The plot is reasonably paced outside of the romances and had a few interesting surprises, but without caring more about the characters involved it was hard for me to really be compelled by it. And the conclusion... Well, it ends like a fairy tale. That may actually be my favorite part of Sophia's story.

I don't regret reading this book. As I've said, I found the idea behind it to be a strong and interesting one. I just wish the execution had landed better for me.


Below you'll find the notes I took as I read. Clearly, they contain major spoilers.




1% Oh! A girl in love with a girl! Yay!

2% Setting seems ominous. Yay?

10% The Cinderella story to Bible parallels are kind of fun.

15% The sexism is taken to a level that seems really preachy. I think I would have liked a little more subtlety to it.

18% It does seem like marrying the guy that would make some amount of sense for both parties since being single is apparently not an option and marrying someone of your own gender is right out.

21% They have a religion other than Cinderellaism? It doesn't seem held in much regard.

23% To be fair to the men, we were told earlier they can only enter approved unions and many parents seem like they'd want their daughter at this event before agreeing to a proposal. So being there doesn't necessarily mean they like it. And at least the younger ones are unlikely to really understand what the girls are going through. Or maybe they're trying to help someone by saving her from someone abusive. I can see a lot of motives beyond them being irredeemably awful.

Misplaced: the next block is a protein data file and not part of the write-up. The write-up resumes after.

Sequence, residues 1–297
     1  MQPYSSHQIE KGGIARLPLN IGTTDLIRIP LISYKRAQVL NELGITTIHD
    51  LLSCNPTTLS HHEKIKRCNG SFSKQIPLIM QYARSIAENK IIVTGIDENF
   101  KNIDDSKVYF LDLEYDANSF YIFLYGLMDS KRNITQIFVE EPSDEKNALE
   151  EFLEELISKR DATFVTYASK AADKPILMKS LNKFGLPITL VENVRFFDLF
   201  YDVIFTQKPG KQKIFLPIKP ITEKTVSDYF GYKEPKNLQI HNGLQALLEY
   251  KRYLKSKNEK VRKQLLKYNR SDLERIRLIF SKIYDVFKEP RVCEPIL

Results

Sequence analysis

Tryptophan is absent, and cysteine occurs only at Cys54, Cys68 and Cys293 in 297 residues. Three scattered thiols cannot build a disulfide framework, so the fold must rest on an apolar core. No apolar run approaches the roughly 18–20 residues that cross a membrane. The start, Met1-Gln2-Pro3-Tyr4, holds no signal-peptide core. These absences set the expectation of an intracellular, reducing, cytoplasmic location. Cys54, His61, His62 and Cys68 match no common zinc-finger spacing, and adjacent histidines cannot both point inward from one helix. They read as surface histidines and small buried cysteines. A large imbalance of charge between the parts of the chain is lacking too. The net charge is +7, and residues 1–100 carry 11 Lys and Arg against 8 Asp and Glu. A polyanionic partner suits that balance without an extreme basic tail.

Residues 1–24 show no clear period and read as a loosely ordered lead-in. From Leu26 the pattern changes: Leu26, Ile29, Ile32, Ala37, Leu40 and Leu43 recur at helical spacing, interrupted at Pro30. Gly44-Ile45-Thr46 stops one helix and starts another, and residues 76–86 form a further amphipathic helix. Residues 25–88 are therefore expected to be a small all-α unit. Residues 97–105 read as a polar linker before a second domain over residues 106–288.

23% A town that only raises heirs sounds interesting in a terrifying way. I'm also intrigued that the king chooses his successor. Do they usually not have children, then? And what's up with Price Charming not remarrying after Cinderella died young? Was he gay or really that much in love with her? (Did she even die young? No one knows where she's buried so maybe she ran away with her girlfriend? How gay is this story?)

28% An old woman in the room they took Liv to? Is the king draining people's youth or something?

29% Could the crying woman be Cinderella, kept alive by magically draining other women? Or is it someone there to be drained?

45% You go, seamstress! "I would die to give even just one person the chance to be free from you."

60% Who is the boy in the picture?